The Gateway to the West. The Arch. Air so thick you struggle to breathe and winters chilly enough that you still need a parka. These things characterize the St. Louis area. When you live in an area that has four legitimate seasons, you want to make sure you can live in relative comfort despite the temperature variance.
Quality windows, not just an HVAC system, will make the biggest difference in creating a climate-controlled home.
Because the weather in St. Louis area varies from 25 degrees in the winter to a muggy 90 degrees in the summer, you need to consider which windows will work best for your home to keep the heat where heat belongs, whether it’s inside your home on a cold winter day or outside your walls on those oppressively humid dog days of summer.
Read on to learn everything you need to know about vinyl windows in St. Louis.
What Are Vinyl Windows?
When you think of vinyl windows, you may have immediate visions of yellow, cracking, warped window frames with moisture locked between window panes.
And you would be right if we were living in 1975.
The vinyl windows of the twenty-first century are not your grandma’s windows.
Vinyl windows have been around for a while. They were invented in the 1950s in Germany when wood, aluminum, and steel were scarce, and builders were looking for a suitable replacement.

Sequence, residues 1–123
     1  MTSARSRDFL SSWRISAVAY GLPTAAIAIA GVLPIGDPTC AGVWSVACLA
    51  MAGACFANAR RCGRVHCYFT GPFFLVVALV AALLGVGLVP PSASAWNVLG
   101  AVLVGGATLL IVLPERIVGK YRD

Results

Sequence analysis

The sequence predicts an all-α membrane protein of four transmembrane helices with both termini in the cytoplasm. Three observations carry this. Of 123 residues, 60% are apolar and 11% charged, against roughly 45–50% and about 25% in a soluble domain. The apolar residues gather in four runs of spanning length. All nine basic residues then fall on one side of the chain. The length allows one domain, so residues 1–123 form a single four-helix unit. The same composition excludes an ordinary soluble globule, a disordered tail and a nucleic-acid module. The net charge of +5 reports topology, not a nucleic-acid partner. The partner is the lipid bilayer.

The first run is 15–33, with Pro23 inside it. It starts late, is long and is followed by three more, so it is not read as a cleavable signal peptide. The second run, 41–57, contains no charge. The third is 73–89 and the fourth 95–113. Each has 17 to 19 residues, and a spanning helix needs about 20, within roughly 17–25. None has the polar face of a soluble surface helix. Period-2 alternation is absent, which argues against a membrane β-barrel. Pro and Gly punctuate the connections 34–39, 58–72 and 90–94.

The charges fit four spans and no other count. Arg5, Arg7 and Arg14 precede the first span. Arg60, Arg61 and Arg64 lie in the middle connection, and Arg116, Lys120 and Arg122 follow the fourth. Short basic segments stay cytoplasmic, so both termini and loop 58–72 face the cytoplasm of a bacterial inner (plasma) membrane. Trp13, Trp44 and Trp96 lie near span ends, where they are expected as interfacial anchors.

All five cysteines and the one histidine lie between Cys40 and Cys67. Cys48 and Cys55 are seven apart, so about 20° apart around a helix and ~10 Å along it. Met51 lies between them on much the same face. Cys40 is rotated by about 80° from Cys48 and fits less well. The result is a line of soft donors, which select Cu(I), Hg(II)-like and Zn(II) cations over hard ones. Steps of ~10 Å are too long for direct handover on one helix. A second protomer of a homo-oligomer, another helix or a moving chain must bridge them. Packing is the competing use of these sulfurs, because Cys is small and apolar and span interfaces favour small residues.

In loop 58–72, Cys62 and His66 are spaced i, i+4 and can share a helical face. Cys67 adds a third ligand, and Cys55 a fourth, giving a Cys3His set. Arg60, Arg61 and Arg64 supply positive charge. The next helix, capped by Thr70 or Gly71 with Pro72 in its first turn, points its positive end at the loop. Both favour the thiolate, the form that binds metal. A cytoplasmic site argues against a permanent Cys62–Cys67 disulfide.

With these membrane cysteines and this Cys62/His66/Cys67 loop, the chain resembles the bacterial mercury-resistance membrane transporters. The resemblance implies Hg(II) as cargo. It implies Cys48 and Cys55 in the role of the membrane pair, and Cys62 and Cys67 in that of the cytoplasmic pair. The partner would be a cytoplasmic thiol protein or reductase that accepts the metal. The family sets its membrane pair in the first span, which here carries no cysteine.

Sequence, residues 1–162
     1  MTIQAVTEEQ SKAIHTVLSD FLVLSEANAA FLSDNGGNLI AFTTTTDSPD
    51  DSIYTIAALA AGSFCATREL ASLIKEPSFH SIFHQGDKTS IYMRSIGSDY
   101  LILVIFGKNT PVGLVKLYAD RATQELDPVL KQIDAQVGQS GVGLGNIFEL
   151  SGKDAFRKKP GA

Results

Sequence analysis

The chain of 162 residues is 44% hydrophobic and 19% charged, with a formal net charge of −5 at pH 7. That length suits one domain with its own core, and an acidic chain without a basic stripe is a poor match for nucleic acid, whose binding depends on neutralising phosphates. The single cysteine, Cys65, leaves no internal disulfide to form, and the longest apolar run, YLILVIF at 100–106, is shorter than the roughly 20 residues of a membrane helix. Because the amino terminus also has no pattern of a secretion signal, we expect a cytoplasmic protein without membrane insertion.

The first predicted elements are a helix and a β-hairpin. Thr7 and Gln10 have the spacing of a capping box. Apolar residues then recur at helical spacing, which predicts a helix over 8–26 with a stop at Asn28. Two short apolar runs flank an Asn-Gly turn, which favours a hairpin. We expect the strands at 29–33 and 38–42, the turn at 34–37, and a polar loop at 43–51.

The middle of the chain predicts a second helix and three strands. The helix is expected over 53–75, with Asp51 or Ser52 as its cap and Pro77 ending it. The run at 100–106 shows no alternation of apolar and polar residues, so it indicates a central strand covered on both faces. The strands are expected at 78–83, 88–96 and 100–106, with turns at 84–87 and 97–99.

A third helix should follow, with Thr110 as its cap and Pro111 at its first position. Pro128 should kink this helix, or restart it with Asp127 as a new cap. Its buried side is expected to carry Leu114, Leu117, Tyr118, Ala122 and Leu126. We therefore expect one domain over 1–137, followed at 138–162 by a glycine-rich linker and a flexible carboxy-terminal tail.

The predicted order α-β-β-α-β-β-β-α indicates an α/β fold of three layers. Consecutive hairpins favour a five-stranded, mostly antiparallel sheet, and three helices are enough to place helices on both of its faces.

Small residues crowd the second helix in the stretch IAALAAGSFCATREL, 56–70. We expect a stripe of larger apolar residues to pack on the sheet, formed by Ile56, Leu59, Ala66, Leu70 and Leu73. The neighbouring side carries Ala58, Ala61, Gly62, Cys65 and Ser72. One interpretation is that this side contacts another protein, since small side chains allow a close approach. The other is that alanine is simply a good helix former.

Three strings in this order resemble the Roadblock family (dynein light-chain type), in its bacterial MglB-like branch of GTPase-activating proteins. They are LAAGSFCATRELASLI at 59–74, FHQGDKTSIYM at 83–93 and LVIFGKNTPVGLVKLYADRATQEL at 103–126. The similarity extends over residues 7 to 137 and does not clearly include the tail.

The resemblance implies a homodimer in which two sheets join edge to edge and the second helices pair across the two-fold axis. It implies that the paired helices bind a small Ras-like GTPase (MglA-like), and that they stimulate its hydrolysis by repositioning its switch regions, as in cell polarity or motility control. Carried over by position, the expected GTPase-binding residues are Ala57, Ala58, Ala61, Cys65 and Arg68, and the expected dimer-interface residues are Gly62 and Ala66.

The energy crisis of the 1970s made vinyl windows a popular choice, and they’ve stuck around and improved with time.
You may have memories of yellowed frame windows that left their pristine white finish behind years after their installation. Sun turned the sheer, pliable white to brittle, yellowed material, and your grandma would have had to replace them more quickly than the wooden windows of the past.
Heat, humidity, and cold all wreaked havoc on these windows.
St. Louis, you weren’t kind to vinyl.
But that’s not today’s vinyl. Twenty-first-century vinyl is composed of synthetic materials made from ethylene and chlorine. We call it polyvinyl chloride, or PVC or vinyl for short.
Vinyl generally speaking is resistant to moisture, humidity, and decay much like the Tupperware in your cupboard. It lasts a long time much like plastic because it essentially is plastic, but plastic made for the elements.
Because of its synthetic nature, vinyl, for the most part, can be recycled. When a homeowner is done with the windows, the frames can be melted down or ground and then reused. Ultimately vinyl is an environmentally friendly material.
The Benefits of Vinyl Windows
Because of their unique construct and material, vinyl windows offer a variety of benefits for homeowners, both practical and aesthetic.
Electric bills go up so easily with bad windows. A single window with a single draft can cause a furnace or air conditioner to run hours more than necessary.
Homeowners need energy efficient windows.
Vinyl windows provide superior thermal protection compared to wood or aluminum windows.
Similar to their counterparts, vinyl windows have some specific elements that make them more or less energy efficient such as multiple panes of glass, low emissivity glass, and insulation within the window frames.